Five Must-See Films at the 2017 Melbourne Queer Film Festival
Start with an Australian-made queer body-swapping sci-fi fantasy parable.
Queer film festival season is well and truly underway in Australia, but, lucky for Melburnians, the best has arguably been saved until last. Now in its 27th year, the Melbourne Queer Film Festival is serving up 135 reasons to head to the cinema from March 16 to 27, with 47 features, 15 documentaries and 73 shorts from 30 countries on the 12-day lineup. The usual festival catch-all — that is, that there's something for everyone — definitely applies. The obligatory appearance of James Franco (not once but twice) does too. So block out the bulk of the month and prepare to spend plenty of time at the Australian Centre for the Moving Image, Kino Cinemas and Cinema Nova, ideally watching our must-see picks of the program.
An Australian-made queer body-swapping sci-fi fantasy parable about sexuality, youth and disability? We're calling it: Pulse is officially the most interesting-sounding film in the MQFF lineup. It also has a premise worthy of smashing all of the aforementioned words together, with a disabled teenage boy undergoing a strange procedure that places him in the body of an able-bodied woman. It's all in the name of love — what else? — which is how you might feel about the end result. Screening in the high-profile festival centrepiece slot, Pulse also marks the debut of writer/actor Daniel Monks and director Stevie Cruz-Martin, which means it promises on-screen intrigue and off-screen talent galore.
There's plenty that can be said about I, Olga Hepnarova. It tells a chilling true tale in an immersive, engaging and stylistically interesting way, for starters. Oh, yes it does. Tackling the eponymous 22-year-old's murder spree and eventual execution, it's also far from upbeat viewing — but, even though the Czech effort delves into a stunning real-life crime, it's also perceptive and never sensationalist. Perhaps the strongest thing we can tell you is that, as lead actress Michalina Olszanska draws you into the mind of a loner turned killer in a mesmerising fashion, you won't forget your viewing experience in a hurry.
If The Intervention sounds familiar, that's okay. We've been keen for this one for a while. After screening at the 2016 Sundance Film Festival, Clea DuVall's directorial debut makes its way to Melbourne with a heap of familiar faces helping her riff on The Big Chill. With DuVall herself, Cobie Smulders, Alia Shawkat, Natasha Lyonne, Melanie Lynskey, Jason Ritter and Ben Schwartz along for the ride, that means a reunion is in the spotlight — and, as the title suggests, the kind of caring confrontation that doesn't always go down too well. If you need any more reasons to watch, and you shouldn't, Sara Quinn from Tegan and Sara provides the score.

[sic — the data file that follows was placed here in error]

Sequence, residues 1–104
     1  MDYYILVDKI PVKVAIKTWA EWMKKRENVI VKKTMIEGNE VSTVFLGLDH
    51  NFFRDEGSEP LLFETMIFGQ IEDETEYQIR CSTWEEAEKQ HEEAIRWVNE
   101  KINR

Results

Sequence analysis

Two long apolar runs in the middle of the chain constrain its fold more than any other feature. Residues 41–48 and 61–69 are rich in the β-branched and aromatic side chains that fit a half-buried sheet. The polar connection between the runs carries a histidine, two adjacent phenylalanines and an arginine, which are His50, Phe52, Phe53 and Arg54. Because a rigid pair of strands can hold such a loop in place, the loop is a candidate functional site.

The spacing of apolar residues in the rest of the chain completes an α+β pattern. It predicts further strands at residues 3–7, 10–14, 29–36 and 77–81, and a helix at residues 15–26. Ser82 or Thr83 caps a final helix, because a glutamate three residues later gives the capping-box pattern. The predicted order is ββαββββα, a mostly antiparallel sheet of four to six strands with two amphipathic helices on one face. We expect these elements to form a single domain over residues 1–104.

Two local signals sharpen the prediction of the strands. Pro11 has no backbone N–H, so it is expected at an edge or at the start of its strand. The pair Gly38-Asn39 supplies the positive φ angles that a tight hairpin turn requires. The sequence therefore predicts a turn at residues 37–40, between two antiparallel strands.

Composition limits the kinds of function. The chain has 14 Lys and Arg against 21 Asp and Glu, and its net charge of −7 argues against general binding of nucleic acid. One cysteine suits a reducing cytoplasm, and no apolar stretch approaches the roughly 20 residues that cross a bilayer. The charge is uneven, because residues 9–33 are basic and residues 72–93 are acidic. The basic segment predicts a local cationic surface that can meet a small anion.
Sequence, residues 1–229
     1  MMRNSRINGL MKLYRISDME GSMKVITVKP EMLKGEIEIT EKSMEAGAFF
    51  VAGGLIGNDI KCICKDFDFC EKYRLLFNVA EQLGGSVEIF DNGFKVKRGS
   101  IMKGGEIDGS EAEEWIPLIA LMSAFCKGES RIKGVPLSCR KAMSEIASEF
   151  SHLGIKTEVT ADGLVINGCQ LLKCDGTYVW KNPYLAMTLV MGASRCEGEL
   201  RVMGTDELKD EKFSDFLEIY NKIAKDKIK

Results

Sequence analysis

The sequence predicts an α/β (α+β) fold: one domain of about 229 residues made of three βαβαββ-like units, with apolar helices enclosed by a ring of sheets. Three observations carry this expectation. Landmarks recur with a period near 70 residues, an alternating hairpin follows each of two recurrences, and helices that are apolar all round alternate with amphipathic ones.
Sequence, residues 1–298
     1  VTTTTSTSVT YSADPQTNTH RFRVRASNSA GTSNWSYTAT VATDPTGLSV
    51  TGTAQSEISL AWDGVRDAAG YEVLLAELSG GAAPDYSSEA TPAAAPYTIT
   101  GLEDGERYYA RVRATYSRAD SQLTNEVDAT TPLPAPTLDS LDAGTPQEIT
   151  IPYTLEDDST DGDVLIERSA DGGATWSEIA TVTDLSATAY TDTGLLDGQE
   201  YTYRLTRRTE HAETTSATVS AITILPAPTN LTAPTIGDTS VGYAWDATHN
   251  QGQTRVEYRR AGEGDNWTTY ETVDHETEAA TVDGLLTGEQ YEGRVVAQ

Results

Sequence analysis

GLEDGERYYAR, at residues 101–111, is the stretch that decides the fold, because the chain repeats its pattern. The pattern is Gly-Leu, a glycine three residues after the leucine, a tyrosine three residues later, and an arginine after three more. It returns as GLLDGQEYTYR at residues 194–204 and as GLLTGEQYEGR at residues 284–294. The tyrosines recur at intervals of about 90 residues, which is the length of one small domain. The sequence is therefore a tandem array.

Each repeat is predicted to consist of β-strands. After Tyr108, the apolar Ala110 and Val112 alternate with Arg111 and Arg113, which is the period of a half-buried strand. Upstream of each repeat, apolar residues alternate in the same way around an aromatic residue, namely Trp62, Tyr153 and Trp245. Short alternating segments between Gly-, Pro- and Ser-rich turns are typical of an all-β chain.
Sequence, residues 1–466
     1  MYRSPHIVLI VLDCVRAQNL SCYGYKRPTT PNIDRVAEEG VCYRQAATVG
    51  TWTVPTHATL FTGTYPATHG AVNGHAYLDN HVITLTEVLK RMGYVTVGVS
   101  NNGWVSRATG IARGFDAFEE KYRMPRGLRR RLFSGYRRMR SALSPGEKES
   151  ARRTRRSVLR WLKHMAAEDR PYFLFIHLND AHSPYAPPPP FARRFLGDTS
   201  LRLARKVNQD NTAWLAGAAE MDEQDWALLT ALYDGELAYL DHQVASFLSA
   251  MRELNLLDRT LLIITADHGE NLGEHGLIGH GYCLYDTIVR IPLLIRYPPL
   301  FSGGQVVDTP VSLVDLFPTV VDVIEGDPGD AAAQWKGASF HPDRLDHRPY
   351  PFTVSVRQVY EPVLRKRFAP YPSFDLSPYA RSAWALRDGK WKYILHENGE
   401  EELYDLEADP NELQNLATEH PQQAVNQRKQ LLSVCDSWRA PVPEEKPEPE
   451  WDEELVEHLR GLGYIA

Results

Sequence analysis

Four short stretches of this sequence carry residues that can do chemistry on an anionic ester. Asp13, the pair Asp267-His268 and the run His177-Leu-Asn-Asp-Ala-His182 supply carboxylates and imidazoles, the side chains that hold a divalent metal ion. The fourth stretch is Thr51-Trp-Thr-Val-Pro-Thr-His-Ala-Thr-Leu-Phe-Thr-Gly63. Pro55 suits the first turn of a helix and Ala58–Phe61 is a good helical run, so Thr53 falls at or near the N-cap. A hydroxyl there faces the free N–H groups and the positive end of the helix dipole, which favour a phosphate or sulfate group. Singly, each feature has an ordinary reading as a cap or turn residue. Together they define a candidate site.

With Taekwondo, two Argentinian talents well-versed in telling screen tales of lust and longing come together. Expect the results to pack a punch. In a film directed by Marco Berger and Martín Farina, sparks fly when the shy Germán accepts an invitation from his taekwondo teammate Fernando to join him on a summer getaway. Fernando's friends make Germán feel like part of the gang, but romance lingers beneath the male bonding — as do plenty of long, yearning looks, as well as a sensitive and intimate drama.
You've seen one wedding-centric flick, you've seen them all, right? That's a line of thinking that's easy to slip into, but Irish bright light A Date for Mad Mary is here to prove otherwise. The titular Mad' Mary McArdle gets out of prison, heads home and gets bundled into being the maid-of-honour at her best friend's wedding, leaving her in need of a companion. A combination of heart and humour makes the finished product stand out, as does a star-making turn by Seána Kerslake.